Secrets of a three-time winner: A lesson to the Pakatan politicians in 5 states

So what worked for Dixit? How did she manage to be catapulted into the “Chief Ministerial Hall of Fame’ in India’s most politically sensitive constituency? Dixit’s win, opine political pundits, had as much to do with her electoral strategy as with her decade-long performance record.

In the cesspool that Indian politics has become, Dixit is viewed as a squeaky clean, diligent and progressive politician who has fast-tracked Delhi’s development. She’s also seen as a genial person, at once at home with the masses and the classes, the young and the old. She takes as much pride in being a doting grandmother (she has two children, a daughter and son, Sandeep Dixit, who is a member of parliament) as in discharging her responsibilities as a politician working to uplift and empower the poor.

By Neeta Lal, Asia Times Online

NEW DELHI – Few expected New Delhi’s chief minister, silver-haired septuagenarian Sheila Dixit, to snag the crown a third time in the recently concluded state assembly elections. In a bitterly contested fight, Dixit – the ruling Congress party candidate – vanquished the opposition Bhartiya Janata Party’s (BJP) Vijay Kumar Malhotra, 78, to achieve a rare triple whammy in Delhi’s political history – being anointed chief minister the third time since she came to power in 1998.

Dixit’s win is historic by most standards. She has captured a constituency that has traditionally been a BJP bastion. Not only that, she has overcome a tsunami-esque anti-incumbency wave against her party, its weak anti-terror policy being partially blamed for the Mumbai mayhem. Plus there was the bugbear of record inflation and intra-Congress squabbling which would have debilitated the strongest of chief ministerial contenders.

But not Dixit. Defying poll predictions, and punditry, her party romped home with 42 seats in the 70-member assembly, leaving the BJP trailing with 23. The feat is rendered all the more remarkable considering it hasn’t been a great run for women in the assembly this year. The number of successful women candidates has been whittled down to three from seven, though 81 of them were in the fray.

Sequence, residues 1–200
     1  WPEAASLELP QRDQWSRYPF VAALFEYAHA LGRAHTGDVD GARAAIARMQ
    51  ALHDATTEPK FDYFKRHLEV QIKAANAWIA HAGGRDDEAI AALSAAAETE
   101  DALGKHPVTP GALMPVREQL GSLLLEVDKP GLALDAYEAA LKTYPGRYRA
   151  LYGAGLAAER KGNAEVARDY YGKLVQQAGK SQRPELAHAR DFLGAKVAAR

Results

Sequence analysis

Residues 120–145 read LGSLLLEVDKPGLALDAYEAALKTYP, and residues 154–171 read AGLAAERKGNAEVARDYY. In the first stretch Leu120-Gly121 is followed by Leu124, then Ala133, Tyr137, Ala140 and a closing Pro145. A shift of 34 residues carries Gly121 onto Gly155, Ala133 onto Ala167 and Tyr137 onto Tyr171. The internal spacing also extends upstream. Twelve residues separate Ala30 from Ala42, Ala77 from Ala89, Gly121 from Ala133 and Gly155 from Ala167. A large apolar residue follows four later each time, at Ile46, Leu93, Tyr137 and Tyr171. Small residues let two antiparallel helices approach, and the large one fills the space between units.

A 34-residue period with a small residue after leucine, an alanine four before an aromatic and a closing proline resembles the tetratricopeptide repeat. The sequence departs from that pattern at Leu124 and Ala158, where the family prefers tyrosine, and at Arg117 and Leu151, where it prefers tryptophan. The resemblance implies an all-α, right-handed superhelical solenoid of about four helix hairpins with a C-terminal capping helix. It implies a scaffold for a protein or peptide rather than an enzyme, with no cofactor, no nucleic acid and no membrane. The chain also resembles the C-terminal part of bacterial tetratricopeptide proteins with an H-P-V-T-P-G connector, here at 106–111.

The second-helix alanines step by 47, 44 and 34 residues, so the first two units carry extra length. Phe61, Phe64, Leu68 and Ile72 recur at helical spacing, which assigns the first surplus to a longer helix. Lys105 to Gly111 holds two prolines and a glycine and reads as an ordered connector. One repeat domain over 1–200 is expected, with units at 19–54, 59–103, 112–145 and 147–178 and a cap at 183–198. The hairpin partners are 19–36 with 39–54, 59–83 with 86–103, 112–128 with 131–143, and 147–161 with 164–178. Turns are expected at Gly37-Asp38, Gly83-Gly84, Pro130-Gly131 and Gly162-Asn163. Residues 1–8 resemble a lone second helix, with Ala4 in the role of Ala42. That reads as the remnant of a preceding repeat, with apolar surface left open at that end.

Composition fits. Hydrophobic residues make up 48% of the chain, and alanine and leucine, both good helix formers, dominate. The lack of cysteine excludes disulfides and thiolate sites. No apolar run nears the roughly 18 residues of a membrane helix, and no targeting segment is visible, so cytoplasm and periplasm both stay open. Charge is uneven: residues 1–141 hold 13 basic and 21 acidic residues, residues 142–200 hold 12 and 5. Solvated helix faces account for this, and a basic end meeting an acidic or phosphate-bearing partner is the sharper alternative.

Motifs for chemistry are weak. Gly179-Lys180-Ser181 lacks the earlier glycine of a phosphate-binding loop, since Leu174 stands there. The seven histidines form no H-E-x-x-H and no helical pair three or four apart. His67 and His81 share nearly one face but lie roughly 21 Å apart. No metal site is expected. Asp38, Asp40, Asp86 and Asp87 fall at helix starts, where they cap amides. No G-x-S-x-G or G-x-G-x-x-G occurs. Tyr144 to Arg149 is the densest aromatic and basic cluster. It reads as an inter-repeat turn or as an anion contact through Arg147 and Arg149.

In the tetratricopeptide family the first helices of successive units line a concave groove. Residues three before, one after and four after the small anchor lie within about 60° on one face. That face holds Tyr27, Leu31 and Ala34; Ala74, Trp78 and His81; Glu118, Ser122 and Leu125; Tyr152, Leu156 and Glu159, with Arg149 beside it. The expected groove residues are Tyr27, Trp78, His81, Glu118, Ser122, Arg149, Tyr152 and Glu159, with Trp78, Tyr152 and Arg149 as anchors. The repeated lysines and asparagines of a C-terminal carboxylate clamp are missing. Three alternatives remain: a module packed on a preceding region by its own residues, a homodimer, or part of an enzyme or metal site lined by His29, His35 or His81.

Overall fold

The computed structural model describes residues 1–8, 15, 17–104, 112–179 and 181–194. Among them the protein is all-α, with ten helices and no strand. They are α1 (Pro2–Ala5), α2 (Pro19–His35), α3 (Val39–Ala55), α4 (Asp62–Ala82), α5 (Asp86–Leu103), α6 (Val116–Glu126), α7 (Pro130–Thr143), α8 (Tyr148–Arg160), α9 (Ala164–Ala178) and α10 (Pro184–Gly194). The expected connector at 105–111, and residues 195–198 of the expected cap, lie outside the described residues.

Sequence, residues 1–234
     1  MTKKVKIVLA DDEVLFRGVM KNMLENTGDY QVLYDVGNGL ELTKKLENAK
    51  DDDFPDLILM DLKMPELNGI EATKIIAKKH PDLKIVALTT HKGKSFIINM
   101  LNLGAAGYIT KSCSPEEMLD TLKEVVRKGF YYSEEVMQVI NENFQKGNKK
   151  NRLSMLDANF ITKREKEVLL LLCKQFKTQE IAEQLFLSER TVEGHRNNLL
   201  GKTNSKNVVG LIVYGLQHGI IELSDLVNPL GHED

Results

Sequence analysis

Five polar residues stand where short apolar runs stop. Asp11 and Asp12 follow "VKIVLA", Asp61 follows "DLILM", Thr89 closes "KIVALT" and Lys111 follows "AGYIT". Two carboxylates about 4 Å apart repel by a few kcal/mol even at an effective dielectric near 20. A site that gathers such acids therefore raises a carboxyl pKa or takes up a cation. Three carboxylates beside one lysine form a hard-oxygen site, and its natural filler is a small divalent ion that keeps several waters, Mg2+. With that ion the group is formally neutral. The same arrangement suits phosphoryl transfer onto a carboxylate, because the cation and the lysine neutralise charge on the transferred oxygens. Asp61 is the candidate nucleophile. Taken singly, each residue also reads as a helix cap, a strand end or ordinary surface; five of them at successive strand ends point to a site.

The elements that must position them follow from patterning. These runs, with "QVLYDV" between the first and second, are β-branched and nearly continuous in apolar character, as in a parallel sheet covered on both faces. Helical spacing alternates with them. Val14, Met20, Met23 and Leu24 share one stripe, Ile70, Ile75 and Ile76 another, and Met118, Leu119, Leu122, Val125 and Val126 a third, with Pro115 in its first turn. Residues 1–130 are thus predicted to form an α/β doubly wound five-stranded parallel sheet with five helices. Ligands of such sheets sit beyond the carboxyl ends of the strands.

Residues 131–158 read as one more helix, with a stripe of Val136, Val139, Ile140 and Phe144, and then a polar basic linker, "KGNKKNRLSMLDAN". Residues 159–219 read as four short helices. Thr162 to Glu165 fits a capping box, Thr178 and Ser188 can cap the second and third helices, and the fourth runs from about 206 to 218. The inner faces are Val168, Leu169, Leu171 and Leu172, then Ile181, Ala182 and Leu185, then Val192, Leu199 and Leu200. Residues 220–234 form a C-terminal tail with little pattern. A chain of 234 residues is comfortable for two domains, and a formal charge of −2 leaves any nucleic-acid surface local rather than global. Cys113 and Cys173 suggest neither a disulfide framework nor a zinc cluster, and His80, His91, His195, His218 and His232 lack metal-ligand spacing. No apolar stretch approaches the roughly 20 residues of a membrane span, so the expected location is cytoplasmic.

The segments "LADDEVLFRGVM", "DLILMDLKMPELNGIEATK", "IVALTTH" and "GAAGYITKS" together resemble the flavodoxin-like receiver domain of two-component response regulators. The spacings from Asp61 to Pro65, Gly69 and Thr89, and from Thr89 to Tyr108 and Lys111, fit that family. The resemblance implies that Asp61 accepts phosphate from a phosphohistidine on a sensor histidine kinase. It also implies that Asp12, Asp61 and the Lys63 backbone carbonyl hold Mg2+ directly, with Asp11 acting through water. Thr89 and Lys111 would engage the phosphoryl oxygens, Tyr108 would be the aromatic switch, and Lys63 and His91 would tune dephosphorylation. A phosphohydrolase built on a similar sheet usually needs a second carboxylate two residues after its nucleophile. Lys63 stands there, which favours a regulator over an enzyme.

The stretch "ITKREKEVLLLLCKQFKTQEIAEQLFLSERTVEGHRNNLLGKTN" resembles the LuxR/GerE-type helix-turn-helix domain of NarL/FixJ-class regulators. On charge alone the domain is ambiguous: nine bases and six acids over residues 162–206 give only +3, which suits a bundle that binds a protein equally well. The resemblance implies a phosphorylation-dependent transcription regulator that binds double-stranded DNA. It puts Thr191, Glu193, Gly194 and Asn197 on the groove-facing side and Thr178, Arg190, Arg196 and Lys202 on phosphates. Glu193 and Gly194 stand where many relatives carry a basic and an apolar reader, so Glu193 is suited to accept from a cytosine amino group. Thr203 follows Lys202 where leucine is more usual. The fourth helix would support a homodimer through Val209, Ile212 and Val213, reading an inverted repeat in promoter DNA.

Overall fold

So what worked for Dixit? How did she manage to be catapulted into the “Chief Ministerial Hall of Fame’ in India’s most politically sensitive constituency? Dixit’s win, opine political pundits, had as much to do with her electoral strategy as with her decade-long performance record.

She fought on the twin planks of development and governance, listing the smooth conduct of the Commonwealth Games to be held in New Delhi in 2010 and overall city development as priorities for her government. And these points went down well with an increasingly mature Indian electorate that is ostensibly underwhelmed by its corrupt, non-performing politicians.

Dixit, on the contrary, has let her work do all the talking. She has changed the visage of India’s national capital with her development projects – be it 17 flyovers, 64 kilometers of the Metro rail, regularization of unauthorized colonies or augmented water and electricity supplies for Delhi’s residents. Her approach was an antithesis to her opponents, who tried to extract political mileage out of the Mumbai terror attacks.

“She highlighted local issues which struck a chord with people. It’s a mandate at once against the terrorists’ plan to sabotage our democracy and the opposition’s attempts to make political capital out of it,” said political scientist Dr Manoj Khosla of Delhi University.

Plus, there’s Dixit’s formidable image to reckon with. In the cesspool that Indian politics has become, Dixit is viewed as a squeaky clean, diligent and progressive politician who has fast-tracked Delhi’s development. She’s also seen as a genial person, at once at home with the masses and the classes, the young and the old. She takes as much pride in being a doting grandmother (she has two children, a daughter and son, Sandeep Dixit, who is a member of parliament) as in discharging her responsibilities as a politician working to uplift and empower the poor.

However, though Dixit seems to have carved an enviable niche for herself in the slippery terrain of Indian politics, it wasn’t so to begin with. In 1986, when the late prime minister Rajiv Gandhi launched her in his cabinet as a junior minister, many said she had it easy and that the post came to her “courtesy” of her father-in-law, erstwhile Congress loyalist and former home minister Uma Shankar Dixit. In 1998, when she was brought into Delhi politics, first as the city’s Congress chief and later as chief minister, she was promptly dubbed an “outsider”.